Vision: A Resource for Writers
he Timelines of History site (at www.timelines.ws) is an excellent resource for anyone who needs historical data for a project. The information is presented in chronological format and broken down into reasonably short time periods (i.e., two centuries at a time or five years at a time) depending on how much is known about events that happened.
The site's homepage contains links to the History of the World from the Big Bang to 2003, as well as links to histories of each state in the United States, many cities of the United States, countries around the world (from Afghanistan to Wales), and even specialized timelines for subjects such as baseball, money, NASA, television, U.S. Presidents, and wine.
The information on the site is mostly complete (I'll discuss its most glaring omission later in this review) and sometimes exhaustively thorough. In fact, this is also one of its greatest faults. Sometimes, the information it contains overlaps in confusing if not contradictory fashion. An excerpt from the site regarding the origin of Halloween provides an example:
For the complete text, see http://timelines.ws/0600AD_999AD.HTML
The confusion results because the site masters simply entered the data from different sources (note the parenthetical references at the end of each entry) without editing or resolving any discrepancies that may exist. While preserving the accuracy of the source material is important, it might have made more sense to consolidate some entries, noting any points of disagreement, than to have multiple entries on the same topic. Bracketed cross-references help, but result in choppy entries that could have been smoothed out.
The specialized timelines provide all kinds of interesting information. For example, the first recorded non-military airline crash (in January 1942) killed Carole Lombard and her mother. Prizes were first inserted into Cracker Jack boxes in 1912 (or 1913; this is another inconsistency like the one mentioned above). Punchcards were used to tabulate the census in 1890. (See the special timelines on aircrashes, games and toys, and computer history, respectively.)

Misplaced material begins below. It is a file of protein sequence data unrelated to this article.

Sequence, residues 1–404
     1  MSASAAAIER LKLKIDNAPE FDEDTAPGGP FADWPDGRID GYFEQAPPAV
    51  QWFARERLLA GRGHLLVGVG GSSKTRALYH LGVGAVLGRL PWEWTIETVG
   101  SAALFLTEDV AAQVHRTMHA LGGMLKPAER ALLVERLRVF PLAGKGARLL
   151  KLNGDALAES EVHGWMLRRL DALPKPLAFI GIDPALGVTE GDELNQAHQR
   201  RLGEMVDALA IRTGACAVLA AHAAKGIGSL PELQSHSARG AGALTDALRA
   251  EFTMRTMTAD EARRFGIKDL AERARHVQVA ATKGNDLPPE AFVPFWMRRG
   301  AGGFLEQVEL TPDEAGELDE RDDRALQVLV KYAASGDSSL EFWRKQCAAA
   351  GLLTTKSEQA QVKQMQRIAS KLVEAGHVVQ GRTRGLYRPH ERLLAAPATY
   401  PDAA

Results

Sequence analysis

Possibly the most complete of their timelines lists the history of films and filmmaking from 1832 through 1932. Any student of film will find this list fascinating and absorbing. Besides noting that the first public showing of a movie projected onto a screen occurred in Paris in 1895, the site also notes that interest had begun to flag in motion pictures before "The Great Train Robbery" was released in 1903—which introduced the concepts of editing, the Western, and that all-time favorite, the chase scene. Nuggets like these are scattered throughout the site, and whether you're a serious student of history or just looking to fill a few hours, the site is well worth a visit.
However, the site isn't perfect. For all the useful information in the specialized timelines, one stands out for its glaring omissions. The timeline for technology begins at the first century CE, then skips ahead to the fifteenth century CE in Europe, completely bypassing non-European advances in technology during those years—and even in the centuries before Christ. This is precisely the kind of lopsided history I've mentioned in previous Vision articles, and I can't recommend the technology timeline as a good resource because of it. If you need information about relatively modern Western technology, the site can be useful. But if you're looking for a thorough history of worldwide technology, you'll need to look elsewhere.
Despite the flaws—incomplete technology timeline and overlapping entries—timelines.ws is a good browsing site. I strongly recommend taking some time to visit it.